It takes a big engine built on top of a hyper-flexible cloud to collect all of that big data and to analyze it and to keep it up when traffic spikes.
For Papaioannou this means that the private cloud isn't just a fancy marketing phrase. When a spike happens, "currently our only option is to do 'load shedding,'" says Papaioannou. This means the private cloud pauses or moves lower-priority workloads off those servers and dedicates them to the spike. Lower-priority workloads include servers that are running batch workloads, for instance.
On the bottom of the stack of Yahoo's private cloud are two layers that Papaioannou thinks of as "infrastructure as a service," a familiar term for public cloud providers that offer multitenant bare-metal hardware. In Yahoo's case, it's not sharing its data center with anyone. Instead it has a custom-developed abstract layer dubbed "Cloud Fabrics." It can look at the entire pool of compute/data center resources as a pool and doesn't care where any part is physically located as it assigns tasks for the application at hand.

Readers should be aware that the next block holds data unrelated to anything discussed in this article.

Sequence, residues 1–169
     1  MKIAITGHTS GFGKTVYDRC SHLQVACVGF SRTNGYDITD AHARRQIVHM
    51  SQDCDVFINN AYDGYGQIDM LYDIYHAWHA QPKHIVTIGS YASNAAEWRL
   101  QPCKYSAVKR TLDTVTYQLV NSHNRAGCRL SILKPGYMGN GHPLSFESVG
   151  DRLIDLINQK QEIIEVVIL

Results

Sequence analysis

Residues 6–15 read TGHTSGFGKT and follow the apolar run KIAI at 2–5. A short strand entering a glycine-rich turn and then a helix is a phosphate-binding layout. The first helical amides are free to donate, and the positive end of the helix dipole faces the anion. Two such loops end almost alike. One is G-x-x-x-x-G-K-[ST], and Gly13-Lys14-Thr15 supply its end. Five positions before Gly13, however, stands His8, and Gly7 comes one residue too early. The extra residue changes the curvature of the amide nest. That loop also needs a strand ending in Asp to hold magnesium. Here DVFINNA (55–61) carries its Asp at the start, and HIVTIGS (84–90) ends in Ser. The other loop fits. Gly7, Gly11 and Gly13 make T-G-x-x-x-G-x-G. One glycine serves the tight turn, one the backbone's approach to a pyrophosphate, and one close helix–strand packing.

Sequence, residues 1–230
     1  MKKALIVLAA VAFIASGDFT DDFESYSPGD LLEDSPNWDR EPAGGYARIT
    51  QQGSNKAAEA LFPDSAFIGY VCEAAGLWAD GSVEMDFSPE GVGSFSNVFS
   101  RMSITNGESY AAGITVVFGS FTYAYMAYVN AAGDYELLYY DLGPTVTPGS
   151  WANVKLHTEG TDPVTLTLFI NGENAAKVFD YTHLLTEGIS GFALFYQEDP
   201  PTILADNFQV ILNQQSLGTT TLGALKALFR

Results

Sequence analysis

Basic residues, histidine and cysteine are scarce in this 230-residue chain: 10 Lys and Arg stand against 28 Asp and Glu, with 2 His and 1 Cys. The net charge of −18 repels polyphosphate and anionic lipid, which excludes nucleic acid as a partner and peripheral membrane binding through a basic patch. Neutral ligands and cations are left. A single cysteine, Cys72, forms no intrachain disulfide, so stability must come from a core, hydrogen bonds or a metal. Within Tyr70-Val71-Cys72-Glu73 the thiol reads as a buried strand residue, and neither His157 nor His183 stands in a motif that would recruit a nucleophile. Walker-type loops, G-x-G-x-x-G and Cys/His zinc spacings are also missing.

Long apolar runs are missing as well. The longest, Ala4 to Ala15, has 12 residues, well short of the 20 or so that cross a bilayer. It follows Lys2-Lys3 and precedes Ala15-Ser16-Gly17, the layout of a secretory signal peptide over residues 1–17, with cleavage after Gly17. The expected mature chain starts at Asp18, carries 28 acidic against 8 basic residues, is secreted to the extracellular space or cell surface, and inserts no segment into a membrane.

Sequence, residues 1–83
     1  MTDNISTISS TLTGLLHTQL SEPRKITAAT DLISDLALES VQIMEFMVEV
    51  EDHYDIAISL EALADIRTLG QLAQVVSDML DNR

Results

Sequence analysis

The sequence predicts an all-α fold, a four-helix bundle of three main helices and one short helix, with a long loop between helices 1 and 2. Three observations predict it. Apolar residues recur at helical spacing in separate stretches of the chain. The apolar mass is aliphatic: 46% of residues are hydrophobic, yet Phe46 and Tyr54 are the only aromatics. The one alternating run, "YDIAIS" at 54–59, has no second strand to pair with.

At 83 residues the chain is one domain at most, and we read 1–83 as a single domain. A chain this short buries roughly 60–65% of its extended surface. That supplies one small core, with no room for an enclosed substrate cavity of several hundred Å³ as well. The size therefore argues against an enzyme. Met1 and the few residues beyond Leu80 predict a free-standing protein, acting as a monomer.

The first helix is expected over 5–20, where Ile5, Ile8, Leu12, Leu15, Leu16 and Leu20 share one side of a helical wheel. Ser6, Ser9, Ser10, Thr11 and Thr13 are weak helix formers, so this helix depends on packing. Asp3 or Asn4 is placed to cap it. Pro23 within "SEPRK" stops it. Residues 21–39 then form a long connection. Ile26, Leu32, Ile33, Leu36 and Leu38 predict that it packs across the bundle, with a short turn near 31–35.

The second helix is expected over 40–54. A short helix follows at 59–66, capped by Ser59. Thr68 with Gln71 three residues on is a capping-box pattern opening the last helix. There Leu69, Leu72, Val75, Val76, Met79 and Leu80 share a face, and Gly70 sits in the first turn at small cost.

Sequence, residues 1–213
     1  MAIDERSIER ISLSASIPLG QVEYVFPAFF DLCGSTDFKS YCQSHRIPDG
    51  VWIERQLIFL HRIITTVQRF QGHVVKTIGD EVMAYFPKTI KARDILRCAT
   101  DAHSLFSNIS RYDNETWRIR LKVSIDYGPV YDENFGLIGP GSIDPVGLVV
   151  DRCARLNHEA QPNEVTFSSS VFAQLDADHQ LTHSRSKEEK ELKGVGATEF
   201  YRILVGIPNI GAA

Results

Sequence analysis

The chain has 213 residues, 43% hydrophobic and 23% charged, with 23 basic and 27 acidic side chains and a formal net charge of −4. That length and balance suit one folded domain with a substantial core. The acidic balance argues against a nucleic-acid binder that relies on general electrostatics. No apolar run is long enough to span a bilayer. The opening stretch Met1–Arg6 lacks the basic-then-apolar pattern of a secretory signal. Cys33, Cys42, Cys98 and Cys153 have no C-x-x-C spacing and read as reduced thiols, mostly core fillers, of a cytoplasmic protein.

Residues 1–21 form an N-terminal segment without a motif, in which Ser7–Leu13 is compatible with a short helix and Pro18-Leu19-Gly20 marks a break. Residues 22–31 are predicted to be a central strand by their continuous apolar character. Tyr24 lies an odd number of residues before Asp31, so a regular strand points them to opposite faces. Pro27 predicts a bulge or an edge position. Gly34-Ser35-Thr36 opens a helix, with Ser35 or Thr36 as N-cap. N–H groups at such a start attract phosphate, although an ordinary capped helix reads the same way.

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The next layer in this version of infrastructure as a service is "cloud services" such as the Yahoo Caching Proxy, load balancing around the world. Services like "Traffic Server" live here. Traffic Server is an open source content caching tool that Yahoo released to the open source community in 2009.
The next portion of the stack can be related to platform as a service, which in the public cloud world means a rented space that includes operating systems and middleware. In Yahoo's case, here sits Hadoop, which in another era would have been called a grid computing engine. In today's terminology, Hadoop is open source software for distributed processing of large data sets across clusters of computers. Yahoo is a big proponent of using open source software (see sidebar: "Yahoo and open source"). Here are the "serving containers," storage and hardware plumbing. "By standardizing these services on top of a unified fabric, we want to be able to order racks of servers at a time and slam them into the pool," Papaioannou describes. A vanilla infrastructure offers another benefit: automating management tasks. "With hundreds of thousands of servers, you can't have a human running around with some Perl script to manage your infrastructure. You need to lift up the level of abstraction," he says.